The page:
r.e. your question about Zero Assumption Recovery => I've heard of it; read a few comments from folks who have used it (mostly favorable); and it's probably okay.  But GetDataBack is the "gold standard" for reasonably priced recovery tools [There are better tools, but they're far more expensive].


0
 
LVL 23

Expert Comment

by:ComputerTechie
ID: 24162246
0
 
LVL 50

Expert Comment

by:dbrunton
ID: 24162382
@ComputerTechie

I would not attempt those steps without trying other options first.  The article even gives warnings in it several times about the dangers of doing what it suggest.

One of the first steps in data recovery is NOT to write to the affected disk IF you can help it.  Writing to the disk may make the problem worse.

If you do write to the disk then can you undo the changes you make?  If you can't step back and think about it.

It is quite possible that the steps in the article may work but I would try all other reasonable steps before trying what is in there.  If I was to attempt what is there I would grab an image of the disk first as it is in case I messed up.  If messed up the image could then be replaced back on the hard disk for another attempt.
0
 
LVL 70

Expert Comment

by:garycase
ID: 24162962
There are several techniques for converting from dynamic back to basic without reformatting -- but they all require writing to the disk, which is (as I noted before and dbrunton reinforced) is not something you should do without first trying better alternatives.

Having said that, I have used Active Partition Recovery several times and it works very well.   It's probably the best choice if you decide to try to directly recover the drive.   It won't hurt to download the free demo and run it -- it won't do any writes unless you buy a license ... and if it shows you the partitions you need then it's reasonably safe to simply let it recover the partition table [It doesn't write to any data areas; so it's actually still possible to use other recovery software afterwards if there are still problems].  http://www.partition-recovery.com/
0
 
LVL 70

Expert Comment

by:garycase
ID: 24163427
By the way ... assuming you haven't overwritten the data (from your description you haven't done anything that would have done that), since the drive isn't physically damaged, there's NO doubt that the data is recoverable.

Just be careful and follow the "don't write on the drive" concept (with the sole possible exception of letting Active Partition Recovery restore the partitions IF it shows them okay with the demo).

If none of the above works for you, send the drive off for professional recovery -- there's no doubt they can get your data ... although it will cost ~ $400 to do so. This is an excellent recovery company with very reasonable (by data recovery standards) prices: http://www.gillware.com/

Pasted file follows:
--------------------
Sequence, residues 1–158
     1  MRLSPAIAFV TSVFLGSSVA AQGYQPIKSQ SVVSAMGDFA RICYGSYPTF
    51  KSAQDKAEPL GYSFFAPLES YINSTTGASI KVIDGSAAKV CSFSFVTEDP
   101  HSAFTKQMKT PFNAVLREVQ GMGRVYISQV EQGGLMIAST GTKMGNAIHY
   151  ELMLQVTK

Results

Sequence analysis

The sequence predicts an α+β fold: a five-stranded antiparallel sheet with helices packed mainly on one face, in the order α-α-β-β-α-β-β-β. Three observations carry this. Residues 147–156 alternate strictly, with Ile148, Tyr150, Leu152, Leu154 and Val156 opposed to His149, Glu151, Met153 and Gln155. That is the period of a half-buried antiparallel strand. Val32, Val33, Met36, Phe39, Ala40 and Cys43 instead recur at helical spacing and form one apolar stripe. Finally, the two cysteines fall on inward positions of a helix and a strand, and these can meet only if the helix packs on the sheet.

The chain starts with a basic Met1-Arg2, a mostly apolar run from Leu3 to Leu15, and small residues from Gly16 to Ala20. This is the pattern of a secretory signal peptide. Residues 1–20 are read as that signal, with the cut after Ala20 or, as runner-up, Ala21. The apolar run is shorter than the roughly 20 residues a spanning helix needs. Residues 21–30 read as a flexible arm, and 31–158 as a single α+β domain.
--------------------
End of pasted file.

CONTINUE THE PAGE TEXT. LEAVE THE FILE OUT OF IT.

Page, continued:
... and you've probably already learned this lesson, but just in case: ==> in addition to not using dynamic drives, buy yourself another 1TB drive and BACKUP your important data. Hard drives can and DO fail. In this case you're "lucky" in the sense that the drive itself didn't fail.

But it WILL.    I tell all the folks I help they should always assume their hard drive will die at midnight. If there's anything on it that they'll be upset at losing, then they'd better have a copy of it on a different hard drive; a set of DVDs; or both. ALL of my data is on at least 3 different hard drives on 3 different UPS-protected systems; with the backups automatically updated every night via a synchronization utility.
0
 
LVL 12

Expert Comment

by:coredatarecovery
ID: 24165281
Before trying anything, I'd image the 80 gig to a image file and work with that image file on recovery with get data back.

Get data back will allow you to create a raw image file (All the bits from the hard disk in question)

Takes a while but is safer than the above comments.

Good luck.

0

Featured Post

Free Tool: Port Scanner

Check which ports are open to the outside world. Helps make sure that your firewall rules are working as intended.

One of a set of tools we are providing to everyone as a way of saying thank you for being a part of the community.

Question has a verified solution.

If you are experiencing a similar issue, please ask a related question

Windows Server 2003 introduced persistent Volume Shadow Copies and made 2003 a must-do upgrade.  Since then, it's been a must-implement feature for all servers doing any kind of file sharing.
Want to know how to use Exchange Server Eseutil command? Go through this article as it gives you the know-how.
In this Micro Tutorial viewers will learn how they can get their files copied out from their unbootable system without need to use recovery services. As an example non-bootable Windows 2012R2 installation is used which has boot problems.
This tutorial will walk an individual through locating and launching the BEUtility application to properly change the service account username and\or password in situation where it may be necessary or where the password has been inadvertently changeā€¦
Suggested Courses

864 members asked questions and received personalized solutions in the past 7 days.

Join the community of 500,000 technology professionals and ask your questions.

Join & Ask a Question